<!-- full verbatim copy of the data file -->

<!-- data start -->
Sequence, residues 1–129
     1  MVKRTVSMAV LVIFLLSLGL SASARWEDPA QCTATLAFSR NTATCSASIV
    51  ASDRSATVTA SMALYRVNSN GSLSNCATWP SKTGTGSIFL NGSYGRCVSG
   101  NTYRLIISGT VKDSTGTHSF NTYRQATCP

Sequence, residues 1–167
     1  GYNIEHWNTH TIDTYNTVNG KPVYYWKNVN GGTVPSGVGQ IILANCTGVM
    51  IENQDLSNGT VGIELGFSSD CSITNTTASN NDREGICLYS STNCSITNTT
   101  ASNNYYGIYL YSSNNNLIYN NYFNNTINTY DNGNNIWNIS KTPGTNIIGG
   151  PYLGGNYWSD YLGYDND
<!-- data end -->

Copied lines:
Sequence, residues 1–129
     1  MVKRTVSMAV LVIFLLSLGL SASARWEDPA QCTATLAFSR NTATCSASIV
    51  ASDRSATVTA SMALYRVNSN GSLSNCATWP SKTGTGSIFL NGSYGRCVSG
   101  NTYRLIISGT VKDSTGTHSF NTYRQATCP

Sequence, residues 1–167
     1  GYNIEHWNTH TIDTYNTVNG KPVYYWKNVN GGTVPSGVGQ IILANCTGVM
    51  IENQDLSNGT VGIELGFSSD CSITNTTASN NDREGICLYS STNCSITNTT
   101  ASNNYYGIYL YSSNNNLIYN NYFNNTINTY DNGNNIWNIS KTPGTNIIGG
   151  PYLGGNYWSD YLGYDND